Sistani’s Trip to the UK
Fayyad Likely Successor
Ma`d Fayyad of Ash-Sharq al-Awsat reveals some of the background to Grand Ayatollah Ali Sistani’s trip to the UK. He says that it has been in the works for some time, and that British authorities knew about the plan for the ayatollah to come to London as early as two weeks ago. He says that there was fear that Muqtada al-Sadr would have Sistani taken hostage, or that he might seek refuge in the grand ayatollah’s house. (If those are the reasons for the trip, and if the British knew about it two weeks ago, that means that plans to come after Muqtada were made at least two weeks ago).
A source close to Sistan revealed to Fayyad that the grand ayatollah had been visited in Najaf by Agha Sulaimani, the special envoy of Iran’s Supreme Jurisprudent Ali Khamenei. Sulaimani heads the Quds Brigade, overseeing both the Palestine and the Hizbullah portfolios. He told Sistani he would be welcome to come to Tehran for treatment. And he asked if there was anything he could do for Sistani.
Sistani is said to have been annoyed, since he has long had bad relations with Iran’s hardline ruling ayatollahs. He told Sulaimani that the best gift Iran could give Iraq was to leave it alone and not intervene in its domestic affairs.
Sistani, of course, chose to go to London for treatment in any case. Fayyad says that Iran’s government is extremely offended by that choice, since it had offered Tehran’s medical facilities. Sistani wanted to go somewhere, however, where he would not be under any political pressure from the government. That ruled out the Gulf monarchies and Lebanon. Sistani feared that if he went to Beirut for treatment, his presence there might be used for political advantage by the radical Hizbullah party. Two of his predecessors, Muhsin al-Hakim and Abu al-Qasim Khoei, had also been treated in London.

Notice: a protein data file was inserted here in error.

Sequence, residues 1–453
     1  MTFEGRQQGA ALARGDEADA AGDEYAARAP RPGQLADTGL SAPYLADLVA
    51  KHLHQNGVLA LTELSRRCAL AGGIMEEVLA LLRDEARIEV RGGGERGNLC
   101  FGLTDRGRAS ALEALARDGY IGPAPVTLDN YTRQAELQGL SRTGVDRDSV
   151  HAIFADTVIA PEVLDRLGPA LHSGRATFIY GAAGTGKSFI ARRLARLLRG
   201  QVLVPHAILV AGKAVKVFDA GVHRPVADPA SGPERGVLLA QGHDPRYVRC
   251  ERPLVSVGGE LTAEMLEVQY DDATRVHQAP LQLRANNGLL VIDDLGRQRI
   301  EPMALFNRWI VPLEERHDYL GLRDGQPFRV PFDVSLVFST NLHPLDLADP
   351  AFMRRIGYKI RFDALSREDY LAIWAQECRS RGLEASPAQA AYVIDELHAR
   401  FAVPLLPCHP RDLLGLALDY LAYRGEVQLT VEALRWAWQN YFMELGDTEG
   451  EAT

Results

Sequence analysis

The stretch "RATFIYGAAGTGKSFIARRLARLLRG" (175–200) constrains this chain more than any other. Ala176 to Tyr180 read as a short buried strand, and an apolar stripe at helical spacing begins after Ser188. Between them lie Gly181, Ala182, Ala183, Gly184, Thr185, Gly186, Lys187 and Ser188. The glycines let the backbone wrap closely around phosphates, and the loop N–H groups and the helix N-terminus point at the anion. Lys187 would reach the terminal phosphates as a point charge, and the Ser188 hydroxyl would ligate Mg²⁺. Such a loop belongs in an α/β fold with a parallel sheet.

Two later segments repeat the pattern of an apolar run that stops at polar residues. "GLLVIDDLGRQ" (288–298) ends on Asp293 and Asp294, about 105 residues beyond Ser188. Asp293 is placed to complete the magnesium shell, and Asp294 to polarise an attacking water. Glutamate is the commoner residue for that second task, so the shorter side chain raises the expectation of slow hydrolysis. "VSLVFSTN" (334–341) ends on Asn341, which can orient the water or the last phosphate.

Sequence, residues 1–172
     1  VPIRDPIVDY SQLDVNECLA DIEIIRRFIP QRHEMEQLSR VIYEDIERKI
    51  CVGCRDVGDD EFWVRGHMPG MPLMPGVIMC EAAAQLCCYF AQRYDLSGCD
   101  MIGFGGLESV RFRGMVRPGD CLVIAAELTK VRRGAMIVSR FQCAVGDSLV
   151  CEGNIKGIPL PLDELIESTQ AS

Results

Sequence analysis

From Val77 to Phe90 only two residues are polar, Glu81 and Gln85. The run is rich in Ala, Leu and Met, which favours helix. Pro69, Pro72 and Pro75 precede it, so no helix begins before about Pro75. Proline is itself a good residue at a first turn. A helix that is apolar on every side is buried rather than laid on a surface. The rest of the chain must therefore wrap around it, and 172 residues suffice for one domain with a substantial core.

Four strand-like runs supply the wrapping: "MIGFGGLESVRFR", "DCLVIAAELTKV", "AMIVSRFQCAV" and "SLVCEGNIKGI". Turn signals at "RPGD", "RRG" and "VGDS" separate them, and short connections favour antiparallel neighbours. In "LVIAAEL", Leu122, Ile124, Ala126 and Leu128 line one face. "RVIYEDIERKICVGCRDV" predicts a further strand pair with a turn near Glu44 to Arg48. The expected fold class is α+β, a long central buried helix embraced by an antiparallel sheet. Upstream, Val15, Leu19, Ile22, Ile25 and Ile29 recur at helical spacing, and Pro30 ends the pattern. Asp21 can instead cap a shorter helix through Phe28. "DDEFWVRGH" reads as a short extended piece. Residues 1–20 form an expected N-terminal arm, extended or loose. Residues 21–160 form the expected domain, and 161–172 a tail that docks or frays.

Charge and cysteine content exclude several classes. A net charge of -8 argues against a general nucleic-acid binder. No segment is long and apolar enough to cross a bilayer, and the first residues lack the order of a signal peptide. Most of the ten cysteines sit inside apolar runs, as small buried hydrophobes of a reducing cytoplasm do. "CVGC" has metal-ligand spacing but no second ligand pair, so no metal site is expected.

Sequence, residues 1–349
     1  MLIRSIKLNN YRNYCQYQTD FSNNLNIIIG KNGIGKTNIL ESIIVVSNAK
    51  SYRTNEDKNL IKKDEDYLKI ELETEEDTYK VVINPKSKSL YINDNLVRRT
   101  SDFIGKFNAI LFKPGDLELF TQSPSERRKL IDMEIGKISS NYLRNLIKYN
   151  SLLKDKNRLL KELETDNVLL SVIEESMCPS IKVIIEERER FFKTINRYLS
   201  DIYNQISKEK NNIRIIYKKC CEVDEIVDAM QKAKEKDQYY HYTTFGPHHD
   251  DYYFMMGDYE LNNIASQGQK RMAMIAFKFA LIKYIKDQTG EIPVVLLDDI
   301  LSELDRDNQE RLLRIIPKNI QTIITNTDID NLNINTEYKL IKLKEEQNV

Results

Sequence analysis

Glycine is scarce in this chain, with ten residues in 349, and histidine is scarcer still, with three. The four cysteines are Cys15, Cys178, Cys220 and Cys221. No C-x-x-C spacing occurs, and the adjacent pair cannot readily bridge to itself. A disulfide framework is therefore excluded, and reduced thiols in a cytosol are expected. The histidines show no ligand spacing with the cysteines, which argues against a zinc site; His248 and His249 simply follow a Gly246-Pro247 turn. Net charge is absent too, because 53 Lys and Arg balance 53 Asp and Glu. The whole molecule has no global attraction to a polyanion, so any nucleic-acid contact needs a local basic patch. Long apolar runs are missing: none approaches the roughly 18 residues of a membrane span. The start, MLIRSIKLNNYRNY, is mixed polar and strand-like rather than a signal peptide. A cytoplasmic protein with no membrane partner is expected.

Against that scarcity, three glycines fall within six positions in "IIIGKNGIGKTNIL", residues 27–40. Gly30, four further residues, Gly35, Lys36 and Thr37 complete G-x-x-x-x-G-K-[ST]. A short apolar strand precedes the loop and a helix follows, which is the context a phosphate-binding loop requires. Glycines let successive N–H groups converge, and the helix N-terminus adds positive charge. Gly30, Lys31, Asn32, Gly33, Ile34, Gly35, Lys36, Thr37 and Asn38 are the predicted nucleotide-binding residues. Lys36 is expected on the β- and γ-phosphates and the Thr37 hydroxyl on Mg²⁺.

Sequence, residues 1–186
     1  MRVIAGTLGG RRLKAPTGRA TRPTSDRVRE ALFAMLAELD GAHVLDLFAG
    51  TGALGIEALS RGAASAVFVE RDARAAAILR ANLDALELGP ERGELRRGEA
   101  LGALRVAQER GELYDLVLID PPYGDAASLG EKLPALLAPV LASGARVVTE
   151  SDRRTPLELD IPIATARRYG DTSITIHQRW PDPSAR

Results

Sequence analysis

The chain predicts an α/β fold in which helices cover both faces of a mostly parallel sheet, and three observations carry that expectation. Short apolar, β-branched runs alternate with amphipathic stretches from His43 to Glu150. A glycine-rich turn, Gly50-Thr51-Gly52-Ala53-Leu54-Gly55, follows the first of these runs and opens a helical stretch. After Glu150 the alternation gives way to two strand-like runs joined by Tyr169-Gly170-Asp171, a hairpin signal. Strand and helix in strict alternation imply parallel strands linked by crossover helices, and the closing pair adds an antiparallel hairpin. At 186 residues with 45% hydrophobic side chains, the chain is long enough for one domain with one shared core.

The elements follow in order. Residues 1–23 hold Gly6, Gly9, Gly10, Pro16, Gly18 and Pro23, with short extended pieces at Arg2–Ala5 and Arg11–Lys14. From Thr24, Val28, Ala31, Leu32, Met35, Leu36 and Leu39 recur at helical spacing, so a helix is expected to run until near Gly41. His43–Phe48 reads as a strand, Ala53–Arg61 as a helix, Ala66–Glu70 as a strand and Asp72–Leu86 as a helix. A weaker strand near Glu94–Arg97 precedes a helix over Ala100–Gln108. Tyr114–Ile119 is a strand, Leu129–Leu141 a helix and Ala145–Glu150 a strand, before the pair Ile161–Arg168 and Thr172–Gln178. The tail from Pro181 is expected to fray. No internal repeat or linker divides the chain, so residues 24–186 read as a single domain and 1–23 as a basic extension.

Sistani was offered a US helicopter to leave Najaf, but he chose to go by taxi, and went the long way, by way of Diwaniyyah, a six-hour journey, for security reasons.
He saw his physician on Saturday for his heart problems.
Ash-Sharq al-Awsat’s sources also say that the most likely successor to Sistani as chief source of religious authority for Iraqi Shiites (and most other Shiites outside Iran) is Grand Ayatollah Ishaq Fayyad, 75, an Afghan with Pakistani citizenship. Fayyad has been in Iraq since his childhood, having come 65 years ago, and was particularly close to Abu al-Qasim Khoei, the chief authority 1970-1992 in Najaf. Indeed, Fayyad served as Khoei’s secretary, and wrote out most of the latter’s books longhand.
Fayyad is known as a moderate and a reformer, indeed “more reformist than the reformers.” He rejects Khomeini’s notion of the rule of the jurisprudent (wilayat al-faqih), which says that clerics must rule politically, i.e., must establish a theocracy. Fayyad’s rejection of the rule of the jurisprudent is even more vehement than that of Sistani, who admits it in the realm of “social issues” but does not desire a clerically dominated government. Fayyad seeks a separation of religion and day to day politics, in accordance with the Najaf tradition.
Since about 15% of Afghans are Shiite, and the Hazara Shiites are a factor in Afghan politics, if Fayyad ever did emerge as the leader of Iraqi Shiites in Najaf, he would be doubly important to Washington.